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Asbestos Removal Safety Procedures

by Contributing Writer
  • Overview

    Asbestos is a naturally occurring silicate fiber used to make fire retardant materials. Because exposure to asbestos has been conclusively linked to lung cancer and other respiratory problems, the removal of asbestos is heavily regulated by both state and federal governments. Improper removal of asbestos can increase the likelihood of excessive exposure, so some states require that the material be removed by a certified professional. Before attempting any asbestos removal, research the laws that apply in your state.
  • Exposure

    According to the Occupational Safety and Health Administration (OSHA), approximately 1.3 million employees are exposed to significant amounts of asbestos each year. Most of those employees are construction workers who perform renovation or demolition; the rest are people who work for companies that manufacture asbestos-based products such as insulation or textiles. "Removing" asbestos is a misleading term; Absestos.com, a website dedicated to mesothelioma, the cancer most closely associated with asbestos, prefers the term "abatement" over "removal," because "removal" implies that the danger will be completely eliminated when the material is gone, whereas "abatement" implies that the danger will be decreased. The microscopic fibers that invade the lungs when asbestos is disturbed can linger in the air and collect on surfaces, making absolute removal difficult to achieve.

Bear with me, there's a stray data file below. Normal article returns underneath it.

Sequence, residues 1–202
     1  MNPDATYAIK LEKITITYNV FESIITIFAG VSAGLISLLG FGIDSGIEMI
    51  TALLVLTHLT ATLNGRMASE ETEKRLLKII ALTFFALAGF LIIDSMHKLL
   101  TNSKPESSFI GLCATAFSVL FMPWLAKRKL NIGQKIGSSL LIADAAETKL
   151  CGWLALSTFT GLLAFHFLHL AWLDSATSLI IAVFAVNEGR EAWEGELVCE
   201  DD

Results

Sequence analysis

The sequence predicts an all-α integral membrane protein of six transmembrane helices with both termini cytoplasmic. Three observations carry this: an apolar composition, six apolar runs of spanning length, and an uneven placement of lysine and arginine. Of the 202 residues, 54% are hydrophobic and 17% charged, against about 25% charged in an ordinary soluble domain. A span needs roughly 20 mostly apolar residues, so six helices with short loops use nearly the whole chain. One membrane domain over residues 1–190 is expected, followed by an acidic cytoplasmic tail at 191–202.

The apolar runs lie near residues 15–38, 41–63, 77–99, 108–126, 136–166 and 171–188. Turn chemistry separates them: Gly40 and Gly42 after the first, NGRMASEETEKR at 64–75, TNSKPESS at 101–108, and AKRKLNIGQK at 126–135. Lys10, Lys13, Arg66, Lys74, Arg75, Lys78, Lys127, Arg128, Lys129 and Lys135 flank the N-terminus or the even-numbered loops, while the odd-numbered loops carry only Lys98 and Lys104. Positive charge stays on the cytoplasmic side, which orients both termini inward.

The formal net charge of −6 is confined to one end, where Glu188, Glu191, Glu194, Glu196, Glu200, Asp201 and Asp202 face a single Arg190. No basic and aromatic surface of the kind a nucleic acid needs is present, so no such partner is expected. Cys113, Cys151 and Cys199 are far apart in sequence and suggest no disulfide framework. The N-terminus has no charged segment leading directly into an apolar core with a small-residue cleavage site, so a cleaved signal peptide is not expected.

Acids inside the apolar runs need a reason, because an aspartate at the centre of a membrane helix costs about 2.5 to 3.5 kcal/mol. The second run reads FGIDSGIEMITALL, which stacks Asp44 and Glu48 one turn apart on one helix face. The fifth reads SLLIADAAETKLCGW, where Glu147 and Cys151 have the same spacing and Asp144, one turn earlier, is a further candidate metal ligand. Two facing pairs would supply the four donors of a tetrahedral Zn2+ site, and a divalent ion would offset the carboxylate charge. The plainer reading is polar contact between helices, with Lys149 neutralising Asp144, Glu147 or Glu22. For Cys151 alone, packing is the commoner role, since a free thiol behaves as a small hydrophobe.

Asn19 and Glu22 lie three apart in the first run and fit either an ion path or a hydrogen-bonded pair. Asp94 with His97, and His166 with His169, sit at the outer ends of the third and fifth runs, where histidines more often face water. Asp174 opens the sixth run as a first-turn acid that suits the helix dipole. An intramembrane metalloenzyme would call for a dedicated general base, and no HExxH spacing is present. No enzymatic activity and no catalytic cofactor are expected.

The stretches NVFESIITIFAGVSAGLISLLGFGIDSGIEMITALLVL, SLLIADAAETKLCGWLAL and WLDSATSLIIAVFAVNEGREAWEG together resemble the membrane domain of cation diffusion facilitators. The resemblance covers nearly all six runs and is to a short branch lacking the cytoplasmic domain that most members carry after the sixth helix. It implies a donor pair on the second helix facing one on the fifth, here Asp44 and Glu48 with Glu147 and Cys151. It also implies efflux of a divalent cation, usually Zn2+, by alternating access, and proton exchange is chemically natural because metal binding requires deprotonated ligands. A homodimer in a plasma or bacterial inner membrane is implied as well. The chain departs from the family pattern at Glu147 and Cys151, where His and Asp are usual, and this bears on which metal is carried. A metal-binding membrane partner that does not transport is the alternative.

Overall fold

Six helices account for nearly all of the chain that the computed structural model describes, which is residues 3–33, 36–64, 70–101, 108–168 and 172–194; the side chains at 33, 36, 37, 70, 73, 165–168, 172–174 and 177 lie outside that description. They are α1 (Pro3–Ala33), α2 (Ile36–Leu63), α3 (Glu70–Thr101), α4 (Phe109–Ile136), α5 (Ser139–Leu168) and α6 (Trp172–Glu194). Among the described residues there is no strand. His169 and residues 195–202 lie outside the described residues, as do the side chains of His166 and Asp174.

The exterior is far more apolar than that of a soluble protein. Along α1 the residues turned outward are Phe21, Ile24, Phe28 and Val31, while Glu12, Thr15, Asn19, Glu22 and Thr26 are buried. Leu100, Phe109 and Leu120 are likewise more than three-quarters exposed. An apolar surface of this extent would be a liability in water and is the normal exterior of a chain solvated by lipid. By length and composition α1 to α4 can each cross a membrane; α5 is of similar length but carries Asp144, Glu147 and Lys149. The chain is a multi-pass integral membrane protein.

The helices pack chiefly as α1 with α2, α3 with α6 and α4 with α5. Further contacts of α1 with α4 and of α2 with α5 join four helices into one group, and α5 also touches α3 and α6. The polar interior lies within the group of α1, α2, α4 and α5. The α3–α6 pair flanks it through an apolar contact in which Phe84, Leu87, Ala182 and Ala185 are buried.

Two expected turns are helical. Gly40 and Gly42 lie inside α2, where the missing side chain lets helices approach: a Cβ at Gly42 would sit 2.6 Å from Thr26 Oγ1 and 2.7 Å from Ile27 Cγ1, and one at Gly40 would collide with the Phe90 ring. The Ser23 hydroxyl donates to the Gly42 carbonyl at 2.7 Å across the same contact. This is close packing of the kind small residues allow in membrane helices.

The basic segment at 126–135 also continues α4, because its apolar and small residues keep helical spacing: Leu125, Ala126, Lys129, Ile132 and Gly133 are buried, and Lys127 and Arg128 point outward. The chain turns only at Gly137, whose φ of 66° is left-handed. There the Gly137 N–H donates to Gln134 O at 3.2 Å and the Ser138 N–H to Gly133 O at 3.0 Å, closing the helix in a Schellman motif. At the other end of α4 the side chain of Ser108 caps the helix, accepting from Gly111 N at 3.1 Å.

• Asbestos Abatement

    Before any attempt at asbestos abatement, don a mask approved for this kind of work and close the vents, windows and doors around the area. Duct tape or plastic sheeting can seal off any cracks or crevices through which fibers might escape. Once you've sealed off the area, take steps to minimize the amount of particles that will be released into the air during removal. The most effective way is to spray a mist of water onto both the asbestos-containing product and into the air around the product; the water will cling to the particles and cause them to settle on the ground, thus removing them from the air and decreasing the quantity inhaled. With the material dampened, it's time to begin removal. Try to keep the material as intact as possible; cutting or tearing it will release more fibers into the air.
  • Disposal of Asbestos

    Disposal is regulated just as production and removal are regulated. Asbestos must be disposed of in a landfill that's certified to receive asbestos. Paperwork must be filed with the landfill in advance; when you arrive with the material, it will be immediately buried to prevent the fibers from becoming airborne.

    References & Resources